How can I express an arbitrary Hamiltonian w.r.t. to his Lagrangian.


$ H = \sum{\dot{q} p} - L $


$ p = \frac{\partial L}{\partial \dot{q}} $


$ \dot{p} = -\frac{\partial H}{\partial q} $


$ \frac{d}{dt}\frac{\partial L}{\partial \dot{q}} =-\frac{\partial H}{\partial q} $

We can derivate:

$ \frac{\partial}{\partial q}\left( \sum_k{\dot{q_k}\frac{\partial L}{\partial \dot{q_k}}} - L\right) =-\frac{d}{dt}\frac{\partial L}{\partial \dot{q}} $

$ \frac{\partial}{\partial q}\left( \dot{q}\frac{\partial L}{\partial \dot{q}} - L\right) $

$ \frac{\partial \dot{q}}{\partial q}\frac{\partial L}{\partial \dot{q}} + \dot{q}\frac{\partial L}{\partial q \partial \dot{q}}-\frac{\partial L}{\partial q}=-\frac{d}{dt}\frac{\partial L}{\partial \dot{q}} $

So simply:

$ \dot{q}\frac{\partial L}{\partial q \partial \dot{q}}-\frac{\partial L}{\partial q}+\frac{d}{dt}\frac{\partial L}{\partial \dot{q}}= 0 $

It can be written as Euler Lagrange équation offseted.

$ \frac{d}{dt}\frac{\partial L}{\partial \dot{q}} - \frac{\partial L}{\partial q} + \dot{q}\frac{\partial L}{\partial q \partial \dot{q}} = 0 $

Is that mean $\dot{q}\frac{\partial L}{\partial q \partial \dot{q}}$ is necessary 0?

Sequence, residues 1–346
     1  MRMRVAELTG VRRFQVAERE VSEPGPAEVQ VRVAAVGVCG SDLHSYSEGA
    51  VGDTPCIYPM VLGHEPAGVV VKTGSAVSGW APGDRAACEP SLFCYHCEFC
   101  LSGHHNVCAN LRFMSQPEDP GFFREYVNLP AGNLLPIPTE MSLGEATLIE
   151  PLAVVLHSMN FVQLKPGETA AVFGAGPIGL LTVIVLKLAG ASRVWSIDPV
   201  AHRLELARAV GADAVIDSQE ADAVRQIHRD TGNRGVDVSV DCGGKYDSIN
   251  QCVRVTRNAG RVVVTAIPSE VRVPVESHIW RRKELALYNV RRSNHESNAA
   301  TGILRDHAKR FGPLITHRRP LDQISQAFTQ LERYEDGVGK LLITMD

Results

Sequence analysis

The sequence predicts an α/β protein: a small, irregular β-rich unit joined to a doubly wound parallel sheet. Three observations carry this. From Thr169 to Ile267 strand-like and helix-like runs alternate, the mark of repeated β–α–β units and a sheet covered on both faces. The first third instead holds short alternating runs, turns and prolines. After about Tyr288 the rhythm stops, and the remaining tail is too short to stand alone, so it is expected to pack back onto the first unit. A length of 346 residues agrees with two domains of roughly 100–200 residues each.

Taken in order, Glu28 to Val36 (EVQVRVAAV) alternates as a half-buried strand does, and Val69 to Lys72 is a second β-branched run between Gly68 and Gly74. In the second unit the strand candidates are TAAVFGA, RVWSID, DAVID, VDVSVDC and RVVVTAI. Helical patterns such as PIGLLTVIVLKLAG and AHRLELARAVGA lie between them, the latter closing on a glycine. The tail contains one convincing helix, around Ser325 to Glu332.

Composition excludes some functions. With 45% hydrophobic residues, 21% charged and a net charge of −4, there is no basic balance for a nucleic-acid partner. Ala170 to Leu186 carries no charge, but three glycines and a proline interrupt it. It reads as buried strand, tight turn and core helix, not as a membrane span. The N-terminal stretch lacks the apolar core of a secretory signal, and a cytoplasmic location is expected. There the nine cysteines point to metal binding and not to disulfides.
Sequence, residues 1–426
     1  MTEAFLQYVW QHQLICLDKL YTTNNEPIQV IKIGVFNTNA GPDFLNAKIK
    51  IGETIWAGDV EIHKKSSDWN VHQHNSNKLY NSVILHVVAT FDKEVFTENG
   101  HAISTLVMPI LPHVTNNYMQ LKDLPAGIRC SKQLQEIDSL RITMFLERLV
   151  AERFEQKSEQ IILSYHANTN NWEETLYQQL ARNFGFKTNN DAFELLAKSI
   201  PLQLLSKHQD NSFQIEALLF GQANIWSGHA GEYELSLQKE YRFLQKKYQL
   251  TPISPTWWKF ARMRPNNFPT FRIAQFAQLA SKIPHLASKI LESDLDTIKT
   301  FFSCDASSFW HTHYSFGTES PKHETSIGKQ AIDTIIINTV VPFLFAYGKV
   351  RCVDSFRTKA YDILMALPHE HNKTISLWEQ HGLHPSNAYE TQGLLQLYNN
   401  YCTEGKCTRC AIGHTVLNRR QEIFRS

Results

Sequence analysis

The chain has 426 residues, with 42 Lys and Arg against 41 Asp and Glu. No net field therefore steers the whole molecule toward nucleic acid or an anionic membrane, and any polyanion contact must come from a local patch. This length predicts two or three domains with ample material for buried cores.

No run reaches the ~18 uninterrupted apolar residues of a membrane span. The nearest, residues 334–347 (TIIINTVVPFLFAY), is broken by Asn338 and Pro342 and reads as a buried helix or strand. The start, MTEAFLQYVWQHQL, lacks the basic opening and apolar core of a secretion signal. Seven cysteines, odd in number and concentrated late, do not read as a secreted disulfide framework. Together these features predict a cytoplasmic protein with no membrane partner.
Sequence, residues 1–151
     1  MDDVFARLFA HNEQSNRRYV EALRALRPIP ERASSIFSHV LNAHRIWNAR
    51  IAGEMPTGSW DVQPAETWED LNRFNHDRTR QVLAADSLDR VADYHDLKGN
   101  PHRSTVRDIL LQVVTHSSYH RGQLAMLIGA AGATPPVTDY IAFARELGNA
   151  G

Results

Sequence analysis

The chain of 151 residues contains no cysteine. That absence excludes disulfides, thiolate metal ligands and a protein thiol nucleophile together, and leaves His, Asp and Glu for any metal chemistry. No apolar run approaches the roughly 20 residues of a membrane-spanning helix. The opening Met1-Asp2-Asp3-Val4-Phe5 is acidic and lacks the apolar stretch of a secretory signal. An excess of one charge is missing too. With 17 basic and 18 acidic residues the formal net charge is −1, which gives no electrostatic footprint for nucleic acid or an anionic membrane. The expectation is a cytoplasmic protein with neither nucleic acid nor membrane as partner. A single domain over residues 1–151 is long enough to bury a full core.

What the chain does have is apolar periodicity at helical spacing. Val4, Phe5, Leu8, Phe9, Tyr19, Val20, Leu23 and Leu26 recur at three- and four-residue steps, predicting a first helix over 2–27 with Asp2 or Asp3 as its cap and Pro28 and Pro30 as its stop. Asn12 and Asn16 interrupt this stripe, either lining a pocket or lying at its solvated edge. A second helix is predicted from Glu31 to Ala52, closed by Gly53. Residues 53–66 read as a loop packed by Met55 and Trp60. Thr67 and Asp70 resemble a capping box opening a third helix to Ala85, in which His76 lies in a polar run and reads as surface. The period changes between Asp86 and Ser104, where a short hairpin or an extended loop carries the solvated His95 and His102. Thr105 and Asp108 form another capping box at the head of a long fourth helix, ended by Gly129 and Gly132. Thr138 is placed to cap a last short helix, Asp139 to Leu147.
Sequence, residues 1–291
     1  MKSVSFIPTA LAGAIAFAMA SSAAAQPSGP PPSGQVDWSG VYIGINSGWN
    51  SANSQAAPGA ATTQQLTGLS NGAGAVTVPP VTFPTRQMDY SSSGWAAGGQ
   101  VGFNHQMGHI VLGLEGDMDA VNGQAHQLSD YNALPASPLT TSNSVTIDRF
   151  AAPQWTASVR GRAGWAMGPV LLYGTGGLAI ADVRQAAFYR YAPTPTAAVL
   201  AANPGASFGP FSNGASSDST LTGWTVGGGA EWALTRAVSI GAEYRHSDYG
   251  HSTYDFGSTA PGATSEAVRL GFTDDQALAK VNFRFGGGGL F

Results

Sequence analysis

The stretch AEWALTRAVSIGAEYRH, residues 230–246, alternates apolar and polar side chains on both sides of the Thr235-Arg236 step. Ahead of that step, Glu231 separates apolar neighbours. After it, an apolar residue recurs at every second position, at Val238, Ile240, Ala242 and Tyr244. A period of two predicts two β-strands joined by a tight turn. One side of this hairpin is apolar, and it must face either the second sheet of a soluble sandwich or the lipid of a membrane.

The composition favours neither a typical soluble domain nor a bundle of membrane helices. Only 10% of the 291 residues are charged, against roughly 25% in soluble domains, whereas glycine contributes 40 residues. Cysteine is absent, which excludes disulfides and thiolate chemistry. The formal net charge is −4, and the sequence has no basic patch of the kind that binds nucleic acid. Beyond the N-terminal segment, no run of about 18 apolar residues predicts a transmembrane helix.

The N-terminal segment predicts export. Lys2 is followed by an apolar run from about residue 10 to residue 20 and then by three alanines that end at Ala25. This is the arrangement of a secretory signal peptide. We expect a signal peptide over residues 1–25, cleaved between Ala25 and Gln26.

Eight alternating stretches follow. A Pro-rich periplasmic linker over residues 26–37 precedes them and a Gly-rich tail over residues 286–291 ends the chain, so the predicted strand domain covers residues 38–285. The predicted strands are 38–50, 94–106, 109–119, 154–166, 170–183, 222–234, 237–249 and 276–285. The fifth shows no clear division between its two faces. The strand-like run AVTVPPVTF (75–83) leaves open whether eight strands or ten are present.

Is that formulation correct? Am I mistaken Somewhere?

  • $\begingroup$ Question is worth answering. $\endgroup$ Commented Jan 1 at 19:01
  • $\begingroup$ @naturallyInconsistent thanks for your relevant feedback. $\endgroup$
    – chkone
    Commented Jan 1 at 19:14

1 Answer 1


I believe the problem arises because you are quite carelessly switching between two different sets of variables. The derivative $\partial_q \mathcal L(q, \dot q)$ is not the same as $\partial_q \mathcal L(q, p_q)$. In particular, in terms of variables $(q,p_q)$, $\partial_q \dot q(q,p_q)$ is not necessarily $0$.

You should repeat this calculation with attention to the coordinates in which you are performing each differentiation. A convenient notation trick borrowed from thermodynamics is to write all the independent variables in a subscript for each differentiation $\left( \frac{\partial \mathcal L}{\partial q}\right)_{\dot q}$ is the derivative performed in coordinates $(q,\dot q)$ i.e. the derivative of the function $\mathcal L(q, \dot q)$, while $\left( \frac{\partial \mathcal L}{\partial q}\right)_{p_q}$ is performed in the coordinates $(q, p_q)$, i.e. the derivative of the function $\mathcal{L}(q,p_q)$. To be clear, in the coordinates $(q, p_q)$, $\dot q$ is not independent - it becomes a function $\dot q(q,p_q)$ and the Lagrangian can be expressed via the composition $\mathcal{L}(q,p_q) = \mathcal L(q,\dot q(q, p_q))$.

  • 1
    $\begingroup$ Yes, this is it. When one writes the Hamiltonian thus, $H=\sum p\dot q-L$, one is in fact doing a Legendre transformation like the ones in thermodynamics. $\endgroup$ Commented Jan 1 at 19:47

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